Taco Bell’s plan to take over
A FAST food brand Australians have barely heard of is on a mission to be as big as KFC. But a well-known Australian dining name, enjoyed by generations, is likely to be sacrificed in the process.
Tex-Mex global goliath Taco Bell has quietly opened a single test store in Australia. Now the brand's operators say the outlet in Annerley, Brisbane has been such a success it's full steam ahead to start rolling out the takeaway chain nationwide. It could see the few remaining Sizzlers disappear, only to reopen as Taco Bells.
An industry analyst has said it's a risky move given this will be Taco Bell's third attempt at cracking Australia and the fast food sector is already "saturated".
Australians spend $20 billion annually on fast food and the industry employs some 152,000 people, according to market researchers Ibis World. The biggest brands are Domino's, McDonald's and Subway.
Worldwide, Taco Bell serves more than two billion customers a year from San Francisco to Shanghai. The cheap and cheerful menu features burritos and nachos, and, just for Australian diners, bottled beer.
Although owned by US chain Yum! Brands, once part of Pepsi, Brisbane-based Collins Foods has the Australian rights to Taco Bell. The company is also Australia's largest franchisee of KFC, also ultimately owned by Yum!.
On Tuesday, Collins announced a 21.7 per cent profit jump to $32.5 million for the year.
While KFC is Collins' main play, Taco Bell has now been set on a path to growth, said chief executive Graham Maxwell.
"We are pleased with the acceptance of the Taco Bell brand by Australian consumers. We have entered an exciting new phase with the successful launch of our first Taco Bell restaurant, with further restaurants to follow over the next 12 months."
The first new stores are due to open before the end of the year.
FAST FOOD SATURATED
Ibis World senior industry analyst Bao Vuong told news.com.au it was going to be hard for Taco Bell to muscle into the Australian market.
"Fast food is extremely competitive with lots of options. The landscape is more saturated and it's harder for fast food operators to stand out.
"Taco Bell have unsuccessfully tried to expand into Australia before but I think people are now more embracing of international cuisines, especially Mexican, so it's an untapped market and there is potential for it to succeed," Mr Vuong said.
But just as we are saying hola to Taco Bell, we're saying see ya to Sizzler, also owned by Collins.
The steak and seafood sit-down restaurant, that was once a go-to treat for Aussie families, is a shadow of its former self.
Collins said revenue at the chain, famous for its cheese toast, was down 22 per cent and just 13 stores remained open, a reduction of three on the previous year. Most of these are in Queensland with one in NSW and a smattering in Western Australia.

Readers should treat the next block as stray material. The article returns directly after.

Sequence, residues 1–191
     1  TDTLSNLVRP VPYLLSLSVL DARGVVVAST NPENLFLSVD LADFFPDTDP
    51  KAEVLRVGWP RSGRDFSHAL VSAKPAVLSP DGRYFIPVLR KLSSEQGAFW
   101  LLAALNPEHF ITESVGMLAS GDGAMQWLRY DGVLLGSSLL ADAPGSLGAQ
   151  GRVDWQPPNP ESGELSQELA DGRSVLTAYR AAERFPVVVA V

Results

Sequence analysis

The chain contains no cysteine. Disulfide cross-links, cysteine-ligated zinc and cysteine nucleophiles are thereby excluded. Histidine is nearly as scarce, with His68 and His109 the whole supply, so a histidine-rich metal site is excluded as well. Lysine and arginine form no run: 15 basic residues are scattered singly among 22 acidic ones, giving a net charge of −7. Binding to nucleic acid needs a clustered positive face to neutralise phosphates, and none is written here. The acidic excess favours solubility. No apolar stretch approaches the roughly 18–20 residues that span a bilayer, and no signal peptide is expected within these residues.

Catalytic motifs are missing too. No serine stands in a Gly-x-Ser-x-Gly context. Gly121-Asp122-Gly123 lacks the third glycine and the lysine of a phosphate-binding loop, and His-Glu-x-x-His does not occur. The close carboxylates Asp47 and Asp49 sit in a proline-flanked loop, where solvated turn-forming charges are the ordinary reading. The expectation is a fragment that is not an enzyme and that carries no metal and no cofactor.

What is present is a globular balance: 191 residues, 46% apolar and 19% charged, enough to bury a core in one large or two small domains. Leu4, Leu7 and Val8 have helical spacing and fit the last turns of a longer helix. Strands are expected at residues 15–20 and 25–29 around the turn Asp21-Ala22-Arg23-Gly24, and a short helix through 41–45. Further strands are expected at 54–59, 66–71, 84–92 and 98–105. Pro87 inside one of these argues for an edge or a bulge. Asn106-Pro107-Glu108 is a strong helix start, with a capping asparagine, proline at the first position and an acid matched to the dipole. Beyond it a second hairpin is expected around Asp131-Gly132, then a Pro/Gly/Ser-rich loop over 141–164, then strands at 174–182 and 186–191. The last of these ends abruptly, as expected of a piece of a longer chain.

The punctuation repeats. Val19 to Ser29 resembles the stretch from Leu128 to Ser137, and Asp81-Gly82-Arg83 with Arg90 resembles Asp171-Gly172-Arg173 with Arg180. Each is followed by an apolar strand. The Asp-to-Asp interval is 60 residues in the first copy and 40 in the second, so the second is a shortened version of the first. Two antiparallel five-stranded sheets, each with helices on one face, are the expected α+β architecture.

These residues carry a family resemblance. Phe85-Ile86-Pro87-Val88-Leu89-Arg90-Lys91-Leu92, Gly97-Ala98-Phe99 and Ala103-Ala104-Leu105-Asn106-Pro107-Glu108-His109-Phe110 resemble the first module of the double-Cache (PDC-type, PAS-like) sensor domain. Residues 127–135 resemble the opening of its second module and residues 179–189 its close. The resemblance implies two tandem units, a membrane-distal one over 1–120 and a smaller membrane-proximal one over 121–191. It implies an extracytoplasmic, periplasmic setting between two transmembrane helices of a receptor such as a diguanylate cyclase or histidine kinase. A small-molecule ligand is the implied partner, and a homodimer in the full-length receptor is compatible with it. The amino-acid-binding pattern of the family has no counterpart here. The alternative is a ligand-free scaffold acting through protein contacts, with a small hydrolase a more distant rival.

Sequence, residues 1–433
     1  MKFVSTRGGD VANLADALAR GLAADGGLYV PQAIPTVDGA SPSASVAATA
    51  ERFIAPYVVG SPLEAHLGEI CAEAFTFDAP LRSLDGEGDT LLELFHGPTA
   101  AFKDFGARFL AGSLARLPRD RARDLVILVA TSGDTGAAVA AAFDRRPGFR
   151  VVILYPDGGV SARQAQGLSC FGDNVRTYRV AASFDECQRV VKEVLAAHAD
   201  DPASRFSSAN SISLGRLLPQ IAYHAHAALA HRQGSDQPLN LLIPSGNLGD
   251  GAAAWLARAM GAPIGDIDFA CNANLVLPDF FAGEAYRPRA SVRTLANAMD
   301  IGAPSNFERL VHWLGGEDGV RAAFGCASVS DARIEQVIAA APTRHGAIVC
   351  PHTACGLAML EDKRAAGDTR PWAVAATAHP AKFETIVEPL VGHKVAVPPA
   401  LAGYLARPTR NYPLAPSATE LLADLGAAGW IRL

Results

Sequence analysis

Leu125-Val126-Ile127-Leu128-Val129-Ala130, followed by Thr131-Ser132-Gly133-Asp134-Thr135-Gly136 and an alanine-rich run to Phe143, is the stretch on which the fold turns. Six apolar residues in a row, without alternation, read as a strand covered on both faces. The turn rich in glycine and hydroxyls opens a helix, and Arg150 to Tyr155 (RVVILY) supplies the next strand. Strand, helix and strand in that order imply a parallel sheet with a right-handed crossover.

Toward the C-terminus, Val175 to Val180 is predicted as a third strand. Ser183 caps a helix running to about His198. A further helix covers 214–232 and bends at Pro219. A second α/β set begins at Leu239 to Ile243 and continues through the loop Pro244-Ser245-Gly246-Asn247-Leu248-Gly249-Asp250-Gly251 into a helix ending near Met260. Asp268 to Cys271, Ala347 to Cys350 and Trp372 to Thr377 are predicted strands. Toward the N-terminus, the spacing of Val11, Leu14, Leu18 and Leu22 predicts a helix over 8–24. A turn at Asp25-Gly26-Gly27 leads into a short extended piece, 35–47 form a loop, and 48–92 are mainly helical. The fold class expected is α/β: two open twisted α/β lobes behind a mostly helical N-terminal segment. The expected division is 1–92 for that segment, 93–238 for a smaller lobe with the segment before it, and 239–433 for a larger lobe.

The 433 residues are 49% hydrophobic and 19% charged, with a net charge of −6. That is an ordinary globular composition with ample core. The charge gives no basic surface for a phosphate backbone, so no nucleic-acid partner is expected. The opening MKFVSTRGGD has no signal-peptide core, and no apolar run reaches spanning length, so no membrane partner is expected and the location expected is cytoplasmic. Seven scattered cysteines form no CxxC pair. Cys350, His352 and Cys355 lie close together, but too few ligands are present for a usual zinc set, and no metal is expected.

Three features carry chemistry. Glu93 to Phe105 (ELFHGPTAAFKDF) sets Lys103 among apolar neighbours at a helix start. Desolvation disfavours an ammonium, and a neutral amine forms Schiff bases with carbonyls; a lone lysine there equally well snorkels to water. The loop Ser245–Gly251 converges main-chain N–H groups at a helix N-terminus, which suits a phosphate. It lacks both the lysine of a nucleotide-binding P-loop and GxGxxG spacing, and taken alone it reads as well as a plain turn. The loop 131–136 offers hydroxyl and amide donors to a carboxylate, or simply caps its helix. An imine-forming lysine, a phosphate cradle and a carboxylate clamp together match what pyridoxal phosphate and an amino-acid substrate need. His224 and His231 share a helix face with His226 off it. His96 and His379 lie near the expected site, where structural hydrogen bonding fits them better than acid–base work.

Mr Vuong said Sizzler had become stale to Australian diners.
"Sizzler hasn't done well because consumers have now embraced new types of products, like food vans and pop-up restaurants, and Sizzler doesn't stand out, it stands for something generic."
The company, somewhat enigmatically, said, "Sizzler continues its transition". Collins would not elaborate to news.com.au as to what that transition was or whether it was code for closing the remaining stores down.
However, there's a clue in Brisbane. Annerley, in the city's south, used to sport a Sizzler until July last year. Now, it's the location of Australia's only Taco Bell, a snazzy store with exposed pipes and walls daubed with street art. Each Sunday, bands play among the burritos.
There customers can enjoy a cheesy gordita crunch featuring both a taco and flatbread stuffed with beef, a cantina power bowl with black beans and guacamole, and a "chocodilla snackarito", a tortilla filled with melted chocolate.
The Australian offer seems fancier than the US arm, which has 7000 locations. Stateside the menu is far larger, including a dizzying array of neon-coloured slushies, a breakfast "crunchwrap" and low-priced items for just one dollar including a "cheesy roll-up" which is simply a flatbread with melted cheese inside.
THIRD TRY AT AUSTRALIA
Mr Vuong said Sizzler may have been in Australia longer but the sheer global pulling power of the Taco Bell name meant it had far bigger brand power.
"This is a good move by Collins Foods as Sizzler is far less well-known than Taco Bell."
Despite the likes of Guzman Y Gomez and Mad Mex already in the Mexican space, he said Taco Bell's takeaway focus could help it find a space.
You have to give Taco Bell marks for trying when it comes to Australia. This is its third attempt to win us over with keenly priced quesadillas and bargain burritos.
The American chain first tried to break into Australia's tricky fast food market in the early '80s but withdrew after it was ordered to change its name as it conflicted with a Sydney restaurant called Taco Bell's Casa.
It returned in 1997 with a store in Sydney's CBD but by 2005, the chain had left the country again.
So where could Taco Bell pop up next? Collins wouldn't let on to news.com.au when, or even if, the remaining Sizzlers would close.
But if they accelerate the transition of the remaining locations, Taco Bell could soon be seen in Campbelltown in NSW, Innaloo in Western Australia and Rockhampton, Toowoomba, Caboolture and Ipswich in Queensland.
But for Sizzler fans, it's not all bad news. Collins has no plans to ditch the name altogether. In fact, one part of Sizzler is on a roll with a 10 per cent rise in revenue. The only glitch for Aussie fans? It's Sizzler Asia.
In the future, if you want to enjoy your cheese toast, you may have to head to Thailand, Japan or China. But if you want Mexican, stay right here.